Friday, October 19, 2012

$250 Laptop

There was another presidential debate this week, and it was clearly evident that no matter how different the views were on most issues there was one issue that both candidates could agree on. Our economy has gone through some rough times in recent years. While most people are willing to spend an ever-growing percentage of their budget on technology, the fact is that most people simply don't have a lot of money to spend on anything right now. In light of this fact, Samsung and Google have collaborated and announced Thursday that their new $250 laptop will begin shipping on Halloween.

The first question that comes to mind is “How good can this thing be for $250?” The answer may surprise you. While the new Chromebook is admittedly not going to replace your desktop computer anytime in the near future, it is surprisingly capable of handling most day to day tasks for the average user. As the name implies, the Chromebook is loaded with Google's Chrome OS. As one would expect from a Google product, this platform is geared towards web usage. However, it also comes with a variation of most of the applications that you'd expect to find on any other laptop. Web browsing is handled by the popular Google Chrome browser. Google Docs handles the text editing and spreadsheet functions. It also comes preloaded with calendar, notepad and media player applications. It has a webcam for video chatting and is available with WiFi and 3G chips installed for Internet connectivity.

The hardware is not what you'd find on a $1,200 MacBook Pro, but with Google's light weight applications it performs admirably at 17% of the price. Samsung used an ARM processor in place of an Intel chip. What this means is that the computer runs extremely efficiently allowing for 6.5 hours of battery life and does not need a fan. With no moving parts the computer is absolutely silent. While there is no optical drives for CDs or DVDs there are two USB ports to allow for external peripherals.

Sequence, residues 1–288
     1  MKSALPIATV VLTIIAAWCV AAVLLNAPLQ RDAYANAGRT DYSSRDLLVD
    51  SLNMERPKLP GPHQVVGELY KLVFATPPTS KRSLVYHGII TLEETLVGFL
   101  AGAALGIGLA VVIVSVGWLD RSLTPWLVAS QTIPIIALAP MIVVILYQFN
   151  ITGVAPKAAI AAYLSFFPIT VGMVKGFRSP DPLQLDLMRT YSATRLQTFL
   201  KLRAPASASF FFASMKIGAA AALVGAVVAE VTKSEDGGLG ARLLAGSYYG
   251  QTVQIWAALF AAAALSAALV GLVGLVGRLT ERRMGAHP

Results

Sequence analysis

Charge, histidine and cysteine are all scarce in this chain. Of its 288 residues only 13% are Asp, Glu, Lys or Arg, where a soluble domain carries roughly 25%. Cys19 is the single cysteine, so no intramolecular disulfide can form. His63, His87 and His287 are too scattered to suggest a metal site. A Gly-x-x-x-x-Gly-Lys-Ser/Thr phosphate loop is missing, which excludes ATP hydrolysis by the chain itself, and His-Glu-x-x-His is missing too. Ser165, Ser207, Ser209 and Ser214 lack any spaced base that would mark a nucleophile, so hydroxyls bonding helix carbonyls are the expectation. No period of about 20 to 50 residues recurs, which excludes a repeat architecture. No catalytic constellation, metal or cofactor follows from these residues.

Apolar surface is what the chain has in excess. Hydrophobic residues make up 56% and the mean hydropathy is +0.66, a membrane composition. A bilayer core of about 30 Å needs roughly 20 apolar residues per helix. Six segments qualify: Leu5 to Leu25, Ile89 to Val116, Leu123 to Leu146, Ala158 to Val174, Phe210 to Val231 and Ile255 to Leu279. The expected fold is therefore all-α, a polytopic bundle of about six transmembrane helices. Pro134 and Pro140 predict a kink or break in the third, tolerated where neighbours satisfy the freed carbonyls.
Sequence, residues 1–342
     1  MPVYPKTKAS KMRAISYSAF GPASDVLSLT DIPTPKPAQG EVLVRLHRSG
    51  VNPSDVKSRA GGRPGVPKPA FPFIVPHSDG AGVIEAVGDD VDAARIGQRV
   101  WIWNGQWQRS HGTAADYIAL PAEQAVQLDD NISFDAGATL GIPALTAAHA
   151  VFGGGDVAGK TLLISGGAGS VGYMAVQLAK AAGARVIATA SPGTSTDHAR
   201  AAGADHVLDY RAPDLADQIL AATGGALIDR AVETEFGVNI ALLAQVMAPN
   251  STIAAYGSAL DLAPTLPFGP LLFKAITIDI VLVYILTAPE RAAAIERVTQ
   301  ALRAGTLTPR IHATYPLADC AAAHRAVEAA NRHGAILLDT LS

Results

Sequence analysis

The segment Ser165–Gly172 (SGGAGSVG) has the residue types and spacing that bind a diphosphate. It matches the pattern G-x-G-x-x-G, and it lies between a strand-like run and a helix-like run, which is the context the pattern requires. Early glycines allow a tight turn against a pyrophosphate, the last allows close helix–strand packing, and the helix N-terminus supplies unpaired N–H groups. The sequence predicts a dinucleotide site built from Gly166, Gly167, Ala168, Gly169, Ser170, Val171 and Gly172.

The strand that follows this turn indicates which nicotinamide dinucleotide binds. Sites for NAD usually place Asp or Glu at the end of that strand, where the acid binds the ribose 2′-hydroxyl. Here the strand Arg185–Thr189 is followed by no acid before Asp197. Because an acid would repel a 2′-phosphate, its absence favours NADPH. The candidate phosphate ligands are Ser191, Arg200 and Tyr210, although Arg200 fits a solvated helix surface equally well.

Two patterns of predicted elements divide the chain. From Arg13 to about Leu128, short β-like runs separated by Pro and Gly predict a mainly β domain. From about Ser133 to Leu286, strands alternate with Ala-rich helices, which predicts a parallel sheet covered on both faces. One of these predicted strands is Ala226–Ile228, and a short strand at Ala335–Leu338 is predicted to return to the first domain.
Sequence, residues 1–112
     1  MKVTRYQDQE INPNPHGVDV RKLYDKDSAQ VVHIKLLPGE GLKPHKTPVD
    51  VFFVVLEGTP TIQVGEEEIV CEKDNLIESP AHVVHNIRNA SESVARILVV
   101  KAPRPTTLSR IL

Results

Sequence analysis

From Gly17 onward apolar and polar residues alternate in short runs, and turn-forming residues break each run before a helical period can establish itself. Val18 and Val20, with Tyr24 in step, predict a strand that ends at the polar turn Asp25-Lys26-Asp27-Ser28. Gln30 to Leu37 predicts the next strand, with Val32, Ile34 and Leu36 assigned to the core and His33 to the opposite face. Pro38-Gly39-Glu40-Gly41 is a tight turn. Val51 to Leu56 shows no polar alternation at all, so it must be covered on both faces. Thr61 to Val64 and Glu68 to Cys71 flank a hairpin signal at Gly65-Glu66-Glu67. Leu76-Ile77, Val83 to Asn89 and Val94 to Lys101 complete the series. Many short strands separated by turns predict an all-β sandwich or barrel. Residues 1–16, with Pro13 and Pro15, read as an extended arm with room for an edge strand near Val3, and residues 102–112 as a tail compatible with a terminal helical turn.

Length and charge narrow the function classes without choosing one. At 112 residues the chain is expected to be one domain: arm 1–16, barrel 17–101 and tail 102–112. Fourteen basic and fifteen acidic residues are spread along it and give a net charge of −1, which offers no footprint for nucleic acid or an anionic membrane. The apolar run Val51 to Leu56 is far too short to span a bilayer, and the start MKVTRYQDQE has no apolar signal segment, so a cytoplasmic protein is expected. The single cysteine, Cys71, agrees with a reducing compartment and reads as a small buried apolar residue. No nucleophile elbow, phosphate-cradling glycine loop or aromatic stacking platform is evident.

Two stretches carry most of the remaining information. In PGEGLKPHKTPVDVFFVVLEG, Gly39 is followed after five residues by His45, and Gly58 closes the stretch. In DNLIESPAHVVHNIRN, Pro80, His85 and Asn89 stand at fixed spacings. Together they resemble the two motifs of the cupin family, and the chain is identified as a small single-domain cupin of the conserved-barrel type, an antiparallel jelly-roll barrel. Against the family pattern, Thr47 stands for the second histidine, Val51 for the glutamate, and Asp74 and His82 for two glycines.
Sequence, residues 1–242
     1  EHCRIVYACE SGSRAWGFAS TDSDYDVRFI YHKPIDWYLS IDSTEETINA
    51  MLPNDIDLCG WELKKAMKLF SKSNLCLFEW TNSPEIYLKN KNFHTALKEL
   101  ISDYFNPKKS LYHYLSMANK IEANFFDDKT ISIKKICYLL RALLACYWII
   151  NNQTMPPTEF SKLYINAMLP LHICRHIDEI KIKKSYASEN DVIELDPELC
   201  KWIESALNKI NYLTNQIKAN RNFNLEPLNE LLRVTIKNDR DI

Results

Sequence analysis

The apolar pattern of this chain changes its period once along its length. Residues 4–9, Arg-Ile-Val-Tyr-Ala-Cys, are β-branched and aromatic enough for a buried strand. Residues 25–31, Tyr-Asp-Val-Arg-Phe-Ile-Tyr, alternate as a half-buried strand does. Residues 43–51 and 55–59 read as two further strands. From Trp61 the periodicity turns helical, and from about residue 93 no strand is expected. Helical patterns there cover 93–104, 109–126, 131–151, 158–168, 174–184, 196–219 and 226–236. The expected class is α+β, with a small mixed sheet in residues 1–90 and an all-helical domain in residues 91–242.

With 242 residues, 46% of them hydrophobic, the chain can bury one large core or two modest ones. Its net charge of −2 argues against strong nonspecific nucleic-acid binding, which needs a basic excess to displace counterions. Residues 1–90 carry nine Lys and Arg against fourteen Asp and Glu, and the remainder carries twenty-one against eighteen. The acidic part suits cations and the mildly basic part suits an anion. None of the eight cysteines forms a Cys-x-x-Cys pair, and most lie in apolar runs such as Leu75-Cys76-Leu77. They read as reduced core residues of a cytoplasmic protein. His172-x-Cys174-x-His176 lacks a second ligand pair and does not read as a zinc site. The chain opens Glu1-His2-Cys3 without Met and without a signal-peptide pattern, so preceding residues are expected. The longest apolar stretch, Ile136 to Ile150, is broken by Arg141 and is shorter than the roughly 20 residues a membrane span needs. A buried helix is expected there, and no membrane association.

Of course there are always trade-offs. Otherwise every laptop would only cost $250. With the Chromebook you have the processing power to play 1080p high definition movies, but you can forget about playing the latest and greatest video games. Being a Linux based system, you also can't install most software that is made for Windows. However, you can download and install software from Google Play, the same app store that is used on Android devices.

While this new laptop isn't going to replace your desktop workhorse, if you are one of the 90% of people that spend 90% of their time online or on email this might be a great fit for you. At $250, it is also an option for families that want to get a second computer for their kids but don't have the income to spend on a Windows-based system. It could also be useful for people that aren't technologically inclined as the Chrome OS is wonderfully simple to use, and isn't vulnerable to malware and viruses that plague Windows and Apple products. Another group that could find value in this system would be students. At 2.5 lbs. and 8” across, the Chromebook will easily slide into a backpack for easy travel. Whether or not you fit into any of these categories, the Chromebook might be worth a look for you.

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